Humans are versatile creatures. Not many other earthlings excel in the same range of skills that we do. Imagine a fish trying to jog, or a horse lifting weights. Here’s how all of our adaptations affect what we see in the mirror.

Eyes: designed for smizing

Daniel Lieberman, Human Evolutionary Biologist at Harvard University

The area that surrounds the iris—called the sclera—is tinted in most animals but bright white in humans. This allows us to see where others direct their gazes, enabling crucial silent communication like eye rolls and sideways glances.

Nose: a breath of warm air

Arslan Zaidi, evolutionary geneticist at the University of Pennsylvania

Climate likely plays a role in how noses formed. Our schnozzes filter air to make it warm and moist for our lungs. Wider nostrils prevent overheating, while narrow nasal holes more easily moisturize frigid, dry air. Evolution had to strike a balance.

Appendages: From fins to fingers

Tetsuya Nakamura, evolutionary developmental biologist at Rutgers University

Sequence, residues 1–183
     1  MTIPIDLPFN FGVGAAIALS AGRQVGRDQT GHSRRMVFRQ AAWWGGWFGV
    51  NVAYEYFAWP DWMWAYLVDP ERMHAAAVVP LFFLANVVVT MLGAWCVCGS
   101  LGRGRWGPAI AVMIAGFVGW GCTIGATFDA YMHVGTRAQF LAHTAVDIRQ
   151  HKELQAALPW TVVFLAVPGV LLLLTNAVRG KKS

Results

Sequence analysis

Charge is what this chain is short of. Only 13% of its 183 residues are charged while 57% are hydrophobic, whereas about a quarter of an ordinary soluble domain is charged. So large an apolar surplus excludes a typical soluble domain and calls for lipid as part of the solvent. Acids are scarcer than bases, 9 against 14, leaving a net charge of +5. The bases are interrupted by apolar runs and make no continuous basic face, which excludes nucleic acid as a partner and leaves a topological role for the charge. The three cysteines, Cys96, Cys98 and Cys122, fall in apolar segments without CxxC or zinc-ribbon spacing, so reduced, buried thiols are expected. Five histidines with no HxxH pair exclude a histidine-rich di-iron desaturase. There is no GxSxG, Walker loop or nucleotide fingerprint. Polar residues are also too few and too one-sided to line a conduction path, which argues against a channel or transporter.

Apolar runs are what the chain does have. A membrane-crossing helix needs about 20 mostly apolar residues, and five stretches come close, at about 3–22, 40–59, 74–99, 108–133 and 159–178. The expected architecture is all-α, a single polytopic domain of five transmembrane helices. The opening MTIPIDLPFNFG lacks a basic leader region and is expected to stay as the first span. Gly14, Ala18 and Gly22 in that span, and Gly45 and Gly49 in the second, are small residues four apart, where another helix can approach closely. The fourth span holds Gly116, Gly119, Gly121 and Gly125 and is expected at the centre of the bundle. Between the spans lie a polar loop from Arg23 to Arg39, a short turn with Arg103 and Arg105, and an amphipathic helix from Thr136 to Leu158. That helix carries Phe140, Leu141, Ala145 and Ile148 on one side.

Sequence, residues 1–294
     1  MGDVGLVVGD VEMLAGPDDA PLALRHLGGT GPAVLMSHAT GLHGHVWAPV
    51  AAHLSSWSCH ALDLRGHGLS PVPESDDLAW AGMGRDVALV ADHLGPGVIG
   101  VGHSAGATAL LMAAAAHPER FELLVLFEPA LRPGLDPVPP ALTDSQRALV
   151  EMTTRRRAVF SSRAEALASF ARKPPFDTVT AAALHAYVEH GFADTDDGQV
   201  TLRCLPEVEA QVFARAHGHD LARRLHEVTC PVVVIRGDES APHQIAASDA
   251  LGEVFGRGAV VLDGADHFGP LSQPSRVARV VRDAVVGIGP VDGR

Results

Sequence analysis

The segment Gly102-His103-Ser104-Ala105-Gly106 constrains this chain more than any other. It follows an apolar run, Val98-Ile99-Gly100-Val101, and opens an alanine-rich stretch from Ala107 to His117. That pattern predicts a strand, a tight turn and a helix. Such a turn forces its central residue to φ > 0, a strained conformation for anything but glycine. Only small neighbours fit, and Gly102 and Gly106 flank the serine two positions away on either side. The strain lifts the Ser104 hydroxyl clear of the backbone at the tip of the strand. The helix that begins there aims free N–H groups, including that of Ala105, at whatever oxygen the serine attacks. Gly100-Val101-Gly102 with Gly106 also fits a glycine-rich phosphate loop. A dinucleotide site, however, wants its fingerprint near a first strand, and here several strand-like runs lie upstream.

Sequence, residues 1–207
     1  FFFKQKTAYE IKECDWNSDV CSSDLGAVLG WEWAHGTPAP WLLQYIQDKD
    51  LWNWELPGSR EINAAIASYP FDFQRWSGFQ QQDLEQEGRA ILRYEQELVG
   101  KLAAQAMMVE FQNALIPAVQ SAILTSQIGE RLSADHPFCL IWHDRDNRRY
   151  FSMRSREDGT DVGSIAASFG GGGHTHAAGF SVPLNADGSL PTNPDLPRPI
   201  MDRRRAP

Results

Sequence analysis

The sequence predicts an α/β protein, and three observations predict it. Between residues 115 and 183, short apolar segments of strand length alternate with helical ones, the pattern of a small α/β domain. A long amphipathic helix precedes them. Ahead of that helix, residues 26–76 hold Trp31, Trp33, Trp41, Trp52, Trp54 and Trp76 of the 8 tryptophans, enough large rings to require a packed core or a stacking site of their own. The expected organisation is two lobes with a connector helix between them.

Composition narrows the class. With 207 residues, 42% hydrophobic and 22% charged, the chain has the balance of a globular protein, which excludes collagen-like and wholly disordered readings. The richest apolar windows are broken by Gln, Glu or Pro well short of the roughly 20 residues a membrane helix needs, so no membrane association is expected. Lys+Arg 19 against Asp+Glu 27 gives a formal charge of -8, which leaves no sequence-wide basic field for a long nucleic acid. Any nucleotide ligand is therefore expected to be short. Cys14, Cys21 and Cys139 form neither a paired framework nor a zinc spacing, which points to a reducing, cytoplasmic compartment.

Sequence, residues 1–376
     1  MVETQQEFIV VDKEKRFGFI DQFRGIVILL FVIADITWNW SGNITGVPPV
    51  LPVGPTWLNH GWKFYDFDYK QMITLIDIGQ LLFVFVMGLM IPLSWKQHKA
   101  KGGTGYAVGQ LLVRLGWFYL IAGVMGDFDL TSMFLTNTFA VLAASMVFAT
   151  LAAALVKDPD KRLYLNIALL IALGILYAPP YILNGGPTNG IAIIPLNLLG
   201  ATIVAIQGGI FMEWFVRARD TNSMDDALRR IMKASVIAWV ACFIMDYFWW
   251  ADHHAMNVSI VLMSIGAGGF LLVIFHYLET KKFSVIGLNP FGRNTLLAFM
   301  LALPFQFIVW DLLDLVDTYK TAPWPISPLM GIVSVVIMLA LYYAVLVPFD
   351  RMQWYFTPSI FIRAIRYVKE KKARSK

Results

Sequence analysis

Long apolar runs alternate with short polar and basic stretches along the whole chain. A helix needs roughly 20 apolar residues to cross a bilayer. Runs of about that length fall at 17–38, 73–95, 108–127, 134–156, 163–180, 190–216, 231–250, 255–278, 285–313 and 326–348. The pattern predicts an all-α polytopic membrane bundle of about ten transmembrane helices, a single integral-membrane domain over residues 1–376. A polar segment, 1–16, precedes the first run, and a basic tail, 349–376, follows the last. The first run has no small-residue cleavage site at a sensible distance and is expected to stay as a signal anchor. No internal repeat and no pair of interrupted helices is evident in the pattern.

At some point in the course of animal evolution, small bones in fish fin rays became the relatively larger ones that make up human fingers and wrists. Our lab found each very different appendage actually contained the same exact type of cells.

Ears: Hearing every last note

Andrea Streit, developmental neurobiologist at King’s College London

The ear’s visible folds capture nearby noise, but tiny hair cells inside help turn that seized sound into recognizable audio. They are fragile, though. Unlike fishes and birds, when ours (and all mammals’) get damaged, they are ruined for good.

Legs: These Knees were made for walking

Terence Capellini, human evolutionary biologist at Harvard University

It’s not easy to find an efficient way to walk on two legs. Once we landed on a shinbone, knee, and thigh bone configuration that worked, we stuck with it. Everyone complains about knee pain. Evolution made something optimal, but it did not make it everlasting.

This story appeared in the Spring 2020, Origins issue of Popular Science.